Sparrows Point Workers Say Goodbye To Bethlehem Steel
BALTIMORE (WJZ) -- The landscape at Sparrows Point is about to change dramatically.
Pat Warren reports plans to demolish the Bethlehem Steel blast furnace bring Marylanders together to remember the past and look to the future.
Generations of Marylanders poured their working lives into building America at Bethlehem Steel and now that it's being dismantled, they're taking pieces of it home.
"I live not too far from here. Every time I come down, there's a tear in my eye," said retired steelworker Don Kellner.
There were tears in many eyes Monday as steelworkers were honored in a ceremony marking the end of what was Baltimore's industrial identity: The Beast of the East, the blast furnace that produced more than 125 million tons of metal in its lifetime and provided livelihoods for thousands.
"I worked with the greatest bunch of people in the world: steelworkers. Hourly, salary, it was a family," Kellner said.
"It was a beautiful place to work. I miss all of my coworkers. I see them in the street and we might now always know each other's names but we're all steelworkers and it's a lot of love," said Addie Houston-Smith.
Now Sparrows Point is poised to enter a new era.
"I think we're going to bring back the next generation of jobs to Sparrows Point," said Baltimore County Executive Kevin Kamenetz.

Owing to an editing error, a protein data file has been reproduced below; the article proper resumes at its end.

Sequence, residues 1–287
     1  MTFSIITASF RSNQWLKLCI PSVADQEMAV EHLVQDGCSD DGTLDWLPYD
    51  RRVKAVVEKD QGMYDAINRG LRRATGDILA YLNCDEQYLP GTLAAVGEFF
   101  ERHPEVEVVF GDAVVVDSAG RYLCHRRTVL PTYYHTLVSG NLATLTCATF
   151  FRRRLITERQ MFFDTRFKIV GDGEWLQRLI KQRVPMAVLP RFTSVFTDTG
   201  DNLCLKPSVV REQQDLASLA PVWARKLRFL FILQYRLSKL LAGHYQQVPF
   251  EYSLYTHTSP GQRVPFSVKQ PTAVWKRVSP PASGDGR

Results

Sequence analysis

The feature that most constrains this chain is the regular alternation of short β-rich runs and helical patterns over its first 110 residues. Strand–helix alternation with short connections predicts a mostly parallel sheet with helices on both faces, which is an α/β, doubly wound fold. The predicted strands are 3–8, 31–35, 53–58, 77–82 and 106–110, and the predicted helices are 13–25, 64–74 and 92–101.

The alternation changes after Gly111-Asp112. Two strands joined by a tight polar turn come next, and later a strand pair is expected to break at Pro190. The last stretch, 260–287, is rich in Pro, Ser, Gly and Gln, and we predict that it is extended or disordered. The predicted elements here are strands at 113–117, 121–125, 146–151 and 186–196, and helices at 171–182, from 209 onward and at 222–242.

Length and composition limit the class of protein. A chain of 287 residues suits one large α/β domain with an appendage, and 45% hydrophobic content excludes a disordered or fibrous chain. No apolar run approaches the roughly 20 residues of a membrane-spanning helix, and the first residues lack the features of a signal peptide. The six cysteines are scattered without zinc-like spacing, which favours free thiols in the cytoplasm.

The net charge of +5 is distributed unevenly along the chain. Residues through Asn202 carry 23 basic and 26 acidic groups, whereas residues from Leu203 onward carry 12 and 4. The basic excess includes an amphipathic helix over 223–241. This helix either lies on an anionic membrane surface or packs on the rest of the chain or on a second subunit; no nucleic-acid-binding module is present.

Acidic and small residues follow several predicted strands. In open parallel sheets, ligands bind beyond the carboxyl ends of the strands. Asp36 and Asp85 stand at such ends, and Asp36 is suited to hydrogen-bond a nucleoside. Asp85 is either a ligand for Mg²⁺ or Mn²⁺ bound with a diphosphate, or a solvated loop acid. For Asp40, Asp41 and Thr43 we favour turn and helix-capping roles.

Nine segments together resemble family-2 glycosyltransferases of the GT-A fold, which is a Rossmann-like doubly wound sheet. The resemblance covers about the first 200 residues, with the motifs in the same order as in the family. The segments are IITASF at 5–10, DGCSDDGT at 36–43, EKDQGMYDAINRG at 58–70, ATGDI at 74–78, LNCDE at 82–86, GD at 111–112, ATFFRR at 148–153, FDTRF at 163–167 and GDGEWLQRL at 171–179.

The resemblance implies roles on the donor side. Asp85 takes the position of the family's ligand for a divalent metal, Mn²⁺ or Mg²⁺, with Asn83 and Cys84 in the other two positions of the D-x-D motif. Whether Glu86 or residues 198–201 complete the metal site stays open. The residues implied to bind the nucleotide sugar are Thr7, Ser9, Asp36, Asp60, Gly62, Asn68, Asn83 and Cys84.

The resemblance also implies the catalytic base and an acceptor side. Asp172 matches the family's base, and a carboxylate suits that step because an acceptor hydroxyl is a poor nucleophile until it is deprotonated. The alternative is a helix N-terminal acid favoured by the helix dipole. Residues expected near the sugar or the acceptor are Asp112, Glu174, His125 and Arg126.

The new owner, Sparrows Point Terminal, is actively working to bring new industries to the location. Maryland lawmakers believe there's a promising future.
"It's the ladder of economic opportunity for the future here in east Baltimore County," said Senator Ben Cardin.
"We want jobs and we want them here and we want jobs that pay a family wage," said Senator Barbara Mikulski.
"We have local ownership here who cares about our area, who cares about success and they have the resources to back up the job," said Congressman Dutch Ruppersberger.
"Once again to be the beacon of manufacturing for the Eastern Seaboard," said State Comptroller Peter Franchot.
It's what these former workers hope for.
"My grandkids, my great-grandkids---maybe they'll have a better future," said one.
Next month's demolition helps clear the way. There's no exact date or time given for the demolition---a lot depends on weather---but we're told it will be a weekday around dusk and the public will not be allowed to attend.
The blast furnace is the latest in a series of demolitions on the site.
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